Forget Obama Running Against the Court, Can the GOP Run “For” the Supreme Court?

In the wake of the Supreme Court’s oral arguments on the Affordable Care Act, President Obama has said that a decision overturning the law would be an “unprecedented, extraordinary” move. The response to this straightforward assessment of Constitutional law has been a storm of criticism from both conservatives and mainstream media. While some have said that the President is wrong to criticize the judiciary at all, others merely question the political wisdom of his comments. According to the latter, the President “can’t run against the Supreme Court.” I personally don’t think this is true — as I’ve said all week “the two Presidents most associated with challenging the authority of the Court are Jackson and FDR and they both got what they wanted and ended up on currency” — but the more interesting question that no one is asking is “can the GOP run for the Supreme Court?”

For every electoral ploy there must be an equal and opposite ploy. For Romney to make an issue of President Obama’s criticism of the Court, Mitt cannot just rip Obama but must be prepared to defend the Court and the entire judiciary. This makes the President’s strategy much more logical because there is almost no chance that the GOP can give full-throated support to the Court.

First, the Court is simply not as popular as it once was. The last public polling on the Supreme Court’s popularity was taken in October 2011, and showed that the Court’s approval had fallen to 46%. And this poll was taken before the Court ruled that we can all be strip searched on demand! Just how unpopular is the Court? Current polling suggests that even the President’s embattled administration has higher approval ratings than the Court.

Would Romney come to the defense of a flagging institution? Romney is unpopular enough and desperately needs to avoid any electoral albatross. He’s already saddled with the House of Representatives, and he strives to avoid linking himself to Boehner or Cantor (though he did defend Paul Ryan while campaigning in Wisconsin). Worse yet for Romney, the Court’s approval rating among Independents is a meager 44%. Romney’s hope in the election is to capture Independents and defending the Court appears a poor strategy for that goal.

In fact, we’ve already had a preview of the GOP failure to defend the Court. Obama used the 2010 State of the Union Address to attack the Citizen’s United decision, and despite their best efforts, conservatives found it impossible to leverage this into a successful knock on the President. There’s just no traction in defending the Court.

Second, joining the fray on the side of the Court would require conservatives to forfeit their long-standing complaint against judicial activism. What makes the outrage over President Obama’s comments so confusing is that conservatives have run against the judiciary for years. When writers such as Jon Meacham act as though this is a “unique” attack, he ignores the conservative “judicial activism” trope and the consistent criticism of “overreach,” especially on social issues.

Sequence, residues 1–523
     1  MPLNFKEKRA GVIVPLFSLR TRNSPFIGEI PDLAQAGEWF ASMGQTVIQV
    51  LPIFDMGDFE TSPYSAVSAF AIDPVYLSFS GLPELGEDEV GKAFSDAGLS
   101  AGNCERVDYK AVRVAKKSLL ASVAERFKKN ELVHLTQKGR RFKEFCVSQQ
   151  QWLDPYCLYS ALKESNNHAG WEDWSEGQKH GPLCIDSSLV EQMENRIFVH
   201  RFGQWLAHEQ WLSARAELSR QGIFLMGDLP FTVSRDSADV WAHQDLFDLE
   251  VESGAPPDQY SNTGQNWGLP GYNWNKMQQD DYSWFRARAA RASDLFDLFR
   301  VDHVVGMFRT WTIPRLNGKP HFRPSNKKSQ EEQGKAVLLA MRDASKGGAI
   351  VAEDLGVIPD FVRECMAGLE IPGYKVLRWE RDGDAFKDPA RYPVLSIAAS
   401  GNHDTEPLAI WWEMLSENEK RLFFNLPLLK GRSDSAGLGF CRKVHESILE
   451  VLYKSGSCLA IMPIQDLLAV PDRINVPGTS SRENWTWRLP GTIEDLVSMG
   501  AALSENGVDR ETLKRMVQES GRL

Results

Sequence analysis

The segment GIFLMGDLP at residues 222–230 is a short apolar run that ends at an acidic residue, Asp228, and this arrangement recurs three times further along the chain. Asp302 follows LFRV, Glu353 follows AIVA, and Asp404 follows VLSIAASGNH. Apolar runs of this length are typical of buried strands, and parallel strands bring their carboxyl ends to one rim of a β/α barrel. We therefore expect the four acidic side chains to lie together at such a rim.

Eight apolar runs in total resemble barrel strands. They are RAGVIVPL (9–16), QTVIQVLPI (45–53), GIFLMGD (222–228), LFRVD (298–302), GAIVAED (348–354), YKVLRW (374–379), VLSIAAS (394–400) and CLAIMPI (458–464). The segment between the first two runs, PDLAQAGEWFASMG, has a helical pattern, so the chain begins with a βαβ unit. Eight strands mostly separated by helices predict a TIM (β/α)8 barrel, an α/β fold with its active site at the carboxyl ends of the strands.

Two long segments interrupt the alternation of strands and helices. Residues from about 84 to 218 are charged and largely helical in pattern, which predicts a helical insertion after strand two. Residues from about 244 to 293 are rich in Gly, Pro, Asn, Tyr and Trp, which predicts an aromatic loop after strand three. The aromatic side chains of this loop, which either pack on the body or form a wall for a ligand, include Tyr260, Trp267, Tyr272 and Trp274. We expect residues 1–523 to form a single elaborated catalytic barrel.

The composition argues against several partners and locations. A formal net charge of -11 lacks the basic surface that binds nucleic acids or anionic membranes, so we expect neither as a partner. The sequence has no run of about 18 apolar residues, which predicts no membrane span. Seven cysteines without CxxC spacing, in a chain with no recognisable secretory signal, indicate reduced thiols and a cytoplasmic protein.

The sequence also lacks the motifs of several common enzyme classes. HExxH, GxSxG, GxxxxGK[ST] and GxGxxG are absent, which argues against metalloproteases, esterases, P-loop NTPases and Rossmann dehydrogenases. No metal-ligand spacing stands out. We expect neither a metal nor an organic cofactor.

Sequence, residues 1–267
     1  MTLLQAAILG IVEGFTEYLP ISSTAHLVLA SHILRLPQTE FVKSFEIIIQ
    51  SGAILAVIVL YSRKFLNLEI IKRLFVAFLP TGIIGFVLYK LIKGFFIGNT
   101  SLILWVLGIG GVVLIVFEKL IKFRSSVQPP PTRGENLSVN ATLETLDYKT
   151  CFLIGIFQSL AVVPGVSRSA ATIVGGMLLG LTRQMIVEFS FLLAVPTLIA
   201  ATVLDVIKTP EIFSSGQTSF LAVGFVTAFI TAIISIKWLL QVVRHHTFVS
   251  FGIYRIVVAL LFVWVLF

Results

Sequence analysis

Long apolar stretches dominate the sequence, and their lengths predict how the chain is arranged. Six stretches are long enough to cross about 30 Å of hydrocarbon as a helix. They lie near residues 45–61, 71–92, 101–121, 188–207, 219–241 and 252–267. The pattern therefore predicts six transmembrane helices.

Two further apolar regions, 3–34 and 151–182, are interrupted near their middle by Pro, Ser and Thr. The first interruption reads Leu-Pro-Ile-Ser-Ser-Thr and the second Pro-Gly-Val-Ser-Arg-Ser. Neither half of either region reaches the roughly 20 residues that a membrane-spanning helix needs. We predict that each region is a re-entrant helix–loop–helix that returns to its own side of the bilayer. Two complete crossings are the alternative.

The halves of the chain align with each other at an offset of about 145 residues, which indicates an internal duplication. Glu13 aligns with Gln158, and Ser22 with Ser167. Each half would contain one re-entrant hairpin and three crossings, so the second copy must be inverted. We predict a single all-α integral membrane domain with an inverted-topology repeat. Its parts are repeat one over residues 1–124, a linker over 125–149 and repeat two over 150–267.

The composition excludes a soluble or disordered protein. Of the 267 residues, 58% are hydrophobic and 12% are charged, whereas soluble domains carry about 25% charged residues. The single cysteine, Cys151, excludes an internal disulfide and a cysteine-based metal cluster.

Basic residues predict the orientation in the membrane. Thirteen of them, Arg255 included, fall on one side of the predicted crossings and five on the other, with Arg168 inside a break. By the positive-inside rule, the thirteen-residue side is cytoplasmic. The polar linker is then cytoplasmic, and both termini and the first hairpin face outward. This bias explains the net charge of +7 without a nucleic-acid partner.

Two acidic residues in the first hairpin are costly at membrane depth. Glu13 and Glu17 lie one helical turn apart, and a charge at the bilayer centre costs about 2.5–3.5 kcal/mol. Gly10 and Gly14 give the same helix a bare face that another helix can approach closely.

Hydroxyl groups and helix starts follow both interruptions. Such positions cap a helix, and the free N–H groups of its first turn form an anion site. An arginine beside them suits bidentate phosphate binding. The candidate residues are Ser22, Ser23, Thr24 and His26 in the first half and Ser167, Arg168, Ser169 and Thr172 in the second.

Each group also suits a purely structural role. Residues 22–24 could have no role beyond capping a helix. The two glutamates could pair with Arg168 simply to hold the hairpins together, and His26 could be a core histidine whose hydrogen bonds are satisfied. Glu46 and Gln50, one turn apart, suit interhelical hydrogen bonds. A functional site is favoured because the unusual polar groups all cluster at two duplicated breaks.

“Judicial activism” has always been a cynical political jab. Conservative judges have draped bold activism under legitimizing language such as “originalism.” For example, there are few decisions more fraught with unfettered activism than the conservative majority’s opinion in Bush v. Gore, a decision so divorced from existing precedent that the decision explicitly commands that it never be cited as precedent itself. But nonetheless, it has been a staple of GOP campaigning and fundraising.

President Obama sought to steal this argument by saying:

for years what we’ve heard is the biggest problem on the bench was judicial activism or a lack of judicial restraint, that an unelected group of people would somehow overturn a duly constituted and passed law

Ruth Marcus chided the President for adopting this language, but on the contrary this move neuters any GOP response. Any attempt to defend the Court is now draped in the poisoned language of activism that conservatives themselves have spent decades creating. While this distrust of the judiciary may be unhealthy over the long-term, it’s certainly not a bad political move for the President.

Finally, defending the Supreme Court forces Mitt Romney to face the issues that he so desperately wants to avoid — Abortion and other social issues. To defend the legitimacy of the Court implicitly defends abortion via Roe v. Wade and gay rights via Lawrence v. Texas. It implicitly defends Griswold v. Connecticut, the contraception decision that was assumed to be safe law before this primary season saw the GOP launch a string of attacks on contraception. Romney has shown extreme discomfort when forced to own social issues. Not only is he uncomfortable taking conservative stances on these issues, but whenever he does it reminds the GOP base that Romney was previously pro-Choice and pro-Gay Rights. Defending the Court should make the GOP wonder just where Romney stands.

This issue will come to a head when the Supreme Court ultimately rules on the constitutionality of the Affordable Care Act, but there’s good reason to believe that Obama’s criticism of the Court is not the political misstep that the conventional wisdom suggests.

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